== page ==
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SERMON 1.
CAUTION RECOMMENDED IN THE USE AND APPLL-

CATION OF SCRIPTURE LANGUAGE.
Erven as our beloved brother Paul also, accord-
ing to the wisdom given unto him, hath written un-
to you ; as also in all his epistles, speaking in theni
of these things ; in which are some things hard to
be understood, which they that are unlearned and
unstable wrest, as they do also the other scriptures,
unto their own destruction.—2 Pet. ii, 15, 16.

It must not be dissembled that there are many
real difficulties in the Christian Scriptures; whilst,
at the same time, more, I believe, and greater,
may justly be imputed to certain maxims of inter-
pretation, which have obtained authority without
reason, and are received without inquiry. One of
these, as I apprehend, is the expecting to find, in
the present circumstances of Christianity, a mean-
ing for, or something answering to every appella-
tion and expression which occurs in Seripture;
Or, in other words, the applying to the personal
condition of Christians at this day, those titles,
phrases, propositions, and arguments, which be-
long solely to the situation of Christianity at its

I am aware of an objection which weighs much
with many serious tempers, namely, that to sup-
pose any part of Scripture to be inapplicable to
us, is to suppose a part of Scripture to be useless ;
which seems to detract from the perfection weat-
tribute to these oracles of our salvation. To this
I can only answer, that it would have been one of
the strangest things in the world, if the writings
of the New Testament had not like all other books,

SERMON I.
CAUTION BECOMMENDED IN THE USE AND APPLI-

CATION OF SCRIPTURE LANGUAGE.
Even as our beloved brother Paul also, accord-
ing to the wisdom given unto him, hath written un-
to you ; as also in all his epistles, speaking in theni
of these things ; in which are some things hard to,
be understood, which they that are unlearned and
unstable wrest, as they do also the other scriptures,
unto their own destruction.—2 Pet. iii. 15, 16.

It must not be dissembled that there are many real difficulties in the Christian Scriptures; whilst, at the same time, more, I believe, and greater, may justly be imputed to certain maxims of interpretation, which have obtained authority without reason, and are received without inquiry. One of these, as I apprehend, is the expecting to find, in the present circumstances of Christianity, a meaning for, or something answering to, every appellation and expression which occurs in Scripture; or, in other words, the applying to the personal condition of Christians at this day, those titles, phrases, propositions, and arguments, which be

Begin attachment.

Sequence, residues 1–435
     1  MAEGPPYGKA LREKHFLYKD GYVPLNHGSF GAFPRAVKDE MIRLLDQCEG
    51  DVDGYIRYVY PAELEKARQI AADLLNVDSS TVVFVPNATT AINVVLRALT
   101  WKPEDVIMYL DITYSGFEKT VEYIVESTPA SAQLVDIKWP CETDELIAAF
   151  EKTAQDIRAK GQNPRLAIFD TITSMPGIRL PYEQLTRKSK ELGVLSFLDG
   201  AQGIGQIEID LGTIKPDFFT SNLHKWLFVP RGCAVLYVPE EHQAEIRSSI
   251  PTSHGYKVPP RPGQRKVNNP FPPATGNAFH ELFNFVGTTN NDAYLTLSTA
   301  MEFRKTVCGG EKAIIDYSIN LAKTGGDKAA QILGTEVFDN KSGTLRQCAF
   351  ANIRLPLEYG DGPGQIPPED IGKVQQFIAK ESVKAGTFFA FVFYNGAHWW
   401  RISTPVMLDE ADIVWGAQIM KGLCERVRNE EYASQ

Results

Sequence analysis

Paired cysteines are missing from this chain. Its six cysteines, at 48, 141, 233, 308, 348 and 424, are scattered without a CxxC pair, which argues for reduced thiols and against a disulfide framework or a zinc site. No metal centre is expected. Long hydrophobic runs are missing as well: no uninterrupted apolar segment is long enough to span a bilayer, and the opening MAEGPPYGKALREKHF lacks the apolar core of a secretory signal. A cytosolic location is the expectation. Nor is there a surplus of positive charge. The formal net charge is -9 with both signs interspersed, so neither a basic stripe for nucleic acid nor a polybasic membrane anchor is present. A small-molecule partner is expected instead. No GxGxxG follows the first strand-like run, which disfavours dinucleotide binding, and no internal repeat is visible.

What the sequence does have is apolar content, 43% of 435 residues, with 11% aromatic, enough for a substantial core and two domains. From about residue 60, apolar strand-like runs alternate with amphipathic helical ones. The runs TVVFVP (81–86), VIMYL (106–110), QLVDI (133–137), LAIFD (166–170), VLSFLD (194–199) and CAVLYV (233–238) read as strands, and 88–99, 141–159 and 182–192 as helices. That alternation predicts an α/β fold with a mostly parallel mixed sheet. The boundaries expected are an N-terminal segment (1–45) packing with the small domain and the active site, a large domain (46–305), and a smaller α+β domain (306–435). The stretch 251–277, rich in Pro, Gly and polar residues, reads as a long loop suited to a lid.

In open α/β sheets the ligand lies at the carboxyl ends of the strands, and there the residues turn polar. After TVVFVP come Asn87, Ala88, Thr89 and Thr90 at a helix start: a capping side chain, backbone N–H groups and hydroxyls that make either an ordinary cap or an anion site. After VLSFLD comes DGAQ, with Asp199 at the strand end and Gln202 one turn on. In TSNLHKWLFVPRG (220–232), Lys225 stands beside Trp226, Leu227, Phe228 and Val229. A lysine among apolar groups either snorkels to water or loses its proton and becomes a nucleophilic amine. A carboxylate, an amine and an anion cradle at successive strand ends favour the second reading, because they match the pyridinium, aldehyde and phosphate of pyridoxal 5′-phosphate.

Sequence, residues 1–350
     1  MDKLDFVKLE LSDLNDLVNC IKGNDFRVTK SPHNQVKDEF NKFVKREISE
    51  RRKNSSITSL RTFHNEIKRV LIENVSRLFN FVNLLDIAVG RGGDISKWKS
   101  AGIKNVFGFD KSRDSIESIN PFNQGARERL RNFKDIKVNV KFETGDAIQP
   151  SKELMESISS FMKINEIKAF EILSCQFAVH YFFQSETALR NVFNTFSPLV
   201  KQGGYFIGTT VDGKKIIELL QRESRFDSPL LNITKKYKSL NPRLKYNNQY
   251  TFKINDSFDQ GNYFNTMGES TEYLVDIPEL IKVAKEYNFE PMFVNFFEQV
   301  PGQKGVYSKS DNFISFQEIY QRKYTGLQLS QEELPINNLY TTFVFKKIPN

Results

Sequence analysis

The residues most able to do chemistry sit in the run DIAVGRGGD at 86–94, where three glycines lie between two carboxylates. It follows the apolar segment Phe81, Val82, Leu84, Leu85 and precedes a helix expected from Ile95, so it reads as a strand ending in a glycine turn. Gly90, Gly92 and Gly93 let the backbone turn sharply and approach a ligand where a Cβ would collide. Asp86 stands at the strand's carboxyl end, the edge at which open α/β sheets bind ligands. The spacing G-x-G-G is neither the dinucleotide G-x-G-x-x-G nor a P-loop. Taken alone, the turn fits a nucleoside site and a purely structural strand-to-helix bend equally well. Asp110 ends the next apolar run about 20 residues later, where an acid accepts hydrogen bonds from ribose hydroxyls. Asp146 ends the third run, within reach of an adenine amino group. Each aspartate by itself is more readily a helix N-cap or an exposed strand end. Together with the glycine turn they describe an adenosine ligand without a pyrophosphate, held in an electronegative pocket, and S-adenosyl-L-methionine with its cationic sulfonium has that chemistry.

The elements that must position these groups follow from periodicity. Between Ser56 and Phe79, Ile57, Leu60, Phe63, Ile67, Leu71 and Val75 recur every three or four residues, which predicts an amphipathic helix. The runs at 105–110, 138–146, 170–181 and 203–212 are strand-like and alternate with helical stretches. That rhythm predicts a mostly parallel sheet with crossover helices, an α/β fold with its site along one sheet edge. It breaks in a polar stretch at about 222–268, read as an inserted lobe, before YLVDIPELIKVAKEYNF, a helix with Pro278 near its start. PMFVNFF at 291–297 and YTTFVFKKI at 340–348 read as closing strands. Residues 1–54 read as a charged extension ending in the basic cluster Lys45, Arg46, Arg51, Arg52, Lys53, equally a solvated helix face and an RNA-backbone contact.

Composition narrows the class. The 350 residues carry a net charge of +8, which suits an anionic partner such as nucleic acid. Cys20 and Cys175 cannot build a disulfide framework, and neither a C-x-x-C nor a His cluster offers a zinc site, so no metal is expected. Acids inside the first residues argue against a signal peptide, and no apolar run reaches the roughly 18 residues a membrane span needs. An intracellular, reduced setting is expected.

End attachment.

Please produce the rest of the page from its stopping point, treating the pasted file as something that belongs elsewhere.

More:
long solely to the situation of Christianity at its I first institution.

I am aware of an objection which weighs much i with many serious tempers, namely, that to sup. i pose any part of Scripture to be inapplicable to

us, is to suppose a part of Suripture to be useless ; which seems to detract from the perfection weattribute to these oracles of our salvation. To this I can only answer, that it would have been one of the strangest things in the world, if the writings of the New Testament had not, like all other books, been composed for the apprehension, and conse quently adapted to the circumstances, of the persons they were addressed to; and that it would have been cqually strange, if the great, and in many respects the inevitable alterations, which

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USE OP SCRIPTURE LANGUAGE. 275 Scripture by titles of great seeming dignity and import; they were “elect," " called,” « saints;"* they were « in Christ;"1 they were “a chosen generation, a royal priesthood, a holy nation, a peculiar people." # That is, these terms were em ployed to distinguish the professors of Christianity from the rest of mankind, in the same manner as the names of Greek and Barbarian, Jew and Gentile; distinguished the people of Greece and Israel from other nations. The application of such phrases to the whole body of Christians is become now obscure ; partly because it is not easy to conceive of Christians as a body at all, by reason of the extent of their name and numbers, and the little visible union that subsists among them; and partly because the heathen world with whom they were compared, and to which comparison these phrases relate, is now ceased, or is removed from our observation. Supposing, therefore, these cxpressions to have a perpetual meaning, and either forgetting the original use of them, or finding that, at this time, in a great measure exhausted and insignificant, we resort to a sense and an application of them, easier, it may be, to our comprehension, but extremely foreign from the design of their authors, namely, to distinguish individuals amongst us, the professors of Christianity, from one another : agreeably to which idea the most flattering of these names, the "elect," “called," "saints," have, by bold and unlearned men, been appropriated to themselves and their own party with a presumption and conceit injuri.